1975 Sbarro 328

One of the most enjoyable aspects of writing up cars for GCFSB has been the head-scratchers I come across; cars I knew little (or, in the case of today’s, nothing) about. This Sbarro 328 Roadster replica is a great case in point. Of course, replicas are neither a new phenomena nor are they particularly unique. Often, they fail to capture the essence of the original car and if an enthusiast is unwitting enough to actually mistake the fabrication for the original it can be borderline offensive to real examples. Volkswagen based Bugattis, Fieros turned into F40s, Bentley badges slapped on a Chrysler 300 – you name it, it’s just downright ugly.

But this one is interesting, at the very least to me. Italian-born Franco Sbarro started his company in 1971 in French-speaking Switzerland and immediately started copying German automobiles. They’re still open today, continuing to build limited-run prototypes, but in the 1970s a majority of their work seems to have been based upon historic cars; Bugattis, GT40s, Lola T70s. What was interesting was what they built these replicas on; Sbarro installed fiberglass copies of the originals over BMW or Mercedes-Benz chassis with original components. In the case of the 328 replica you see here, the engine, chassis, rear suspension and transmission was based upon the E10 2002. Some of them even wore 2002 Turbo alloys. In front, Sbarro utilized NSU components for the front suspension and steering. Headlights came from a Mercedes-Benz. The result of this hodge-podge was surprisingly good, managing to capture a fair amount of the aesthetic of the original without looking too out-of-shape, though they were admittedly slightly shorter and more squat that the original. Having standard BMW running gear simplified the importation process, and consequently Sbarro offered these replicas in the US market through a Florida dealer. At least a few were sold here, typically with chassis numbers XXXXUSAXX. This one is chassis number 2328:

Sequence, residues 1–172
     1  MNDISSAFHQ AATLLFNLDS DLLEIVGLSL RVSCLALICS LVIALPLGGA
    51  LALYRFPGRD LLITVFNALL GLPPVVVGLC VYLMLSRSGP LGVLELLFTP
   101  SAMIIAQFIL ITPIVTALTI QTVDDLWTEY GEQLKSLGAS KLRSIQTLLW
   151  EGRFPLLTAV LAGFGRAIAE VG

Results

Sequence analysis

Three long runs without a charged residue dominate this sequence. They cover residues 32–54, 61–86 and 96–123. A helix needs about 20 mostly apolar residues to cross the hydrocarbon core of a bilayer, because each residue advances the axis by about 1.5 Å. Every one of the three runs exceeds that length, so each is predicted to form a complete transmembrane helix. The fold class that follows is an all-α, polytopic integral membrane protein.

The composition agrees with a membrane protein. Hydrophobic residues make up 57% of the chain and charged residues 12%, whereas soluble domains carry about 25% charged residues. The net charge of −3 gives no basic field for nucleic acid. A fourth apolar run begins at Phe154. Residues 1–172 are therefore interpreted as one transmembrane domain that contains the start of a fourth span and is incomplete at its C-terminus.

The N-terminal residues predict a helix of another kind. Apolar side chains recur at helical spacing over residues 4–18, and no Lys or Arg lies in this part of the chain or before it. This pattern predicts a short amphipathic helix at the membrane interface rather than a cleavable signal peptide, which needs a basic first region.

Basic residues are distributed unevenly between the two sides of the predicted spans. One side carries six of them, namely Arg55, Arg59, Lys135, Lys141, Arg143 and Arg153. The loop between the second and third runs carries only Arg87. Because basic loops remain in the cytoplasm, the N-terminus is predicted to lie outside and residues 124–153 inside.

CLICK FOR DETAILS: 1975 Sbarro 328 on eBay


Year: 1975
Model: 328 Roadster
Engine: 2.0 liter turbocharged inline-4
Transmission: 5-speed manual
Mileage: 36,392 mi
Price: $25,000 Buy It Now